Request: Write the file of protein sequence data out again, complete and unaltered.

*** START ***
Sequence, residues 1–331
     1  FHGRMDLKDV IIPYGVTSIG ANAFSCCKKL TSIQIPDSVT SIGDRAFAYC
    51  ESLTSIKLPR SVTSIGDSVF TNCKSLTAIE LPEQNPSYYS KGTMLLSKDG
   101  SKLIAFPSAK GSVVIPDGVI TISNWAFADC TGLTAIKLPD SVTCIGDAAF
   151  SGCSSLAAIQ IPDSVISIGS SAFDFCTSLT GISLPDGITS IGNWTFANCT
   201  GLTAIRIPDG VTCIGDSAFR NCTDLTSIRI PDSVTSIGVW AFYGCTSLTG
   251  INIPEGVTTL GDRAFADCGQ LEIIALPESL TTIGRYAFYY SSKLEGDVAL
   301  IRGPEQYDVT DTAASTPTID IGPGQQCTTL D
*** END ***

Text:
Sequence, residues 1–331
     1  FHGRMDLKDV IIPYGVTSIG ANAFSCCKKL TSIQIPDSVT SIGDRAFAYC
    51  ESLTSIKLPR SVTSIGDSVF TNCKSLTAIE LPEQNPSYYS KGTMLLSKDG
   101  SKLIAFPSAK GSVVIPDGVI TISNWAFADC TGLTAIKLPD SVTCIGDAAF
   151  SGCSSLAAIQ IPDSVISIGS SAFDFCTSLT GISLPDGITS IGNWTFANCT
   201  GLTAIRIPDG VTCIGDSAFR NCTDLTSIRI PDSVTSIGVW AFYGCTSLTG
   251  INIPEGVTTL GDRAFADCGQ LEIIALPESL TTIGRYAFYY SSKLEGDVAL
   301  IRGPEQYDVT DTAASTPTID IGPGQQCTTL D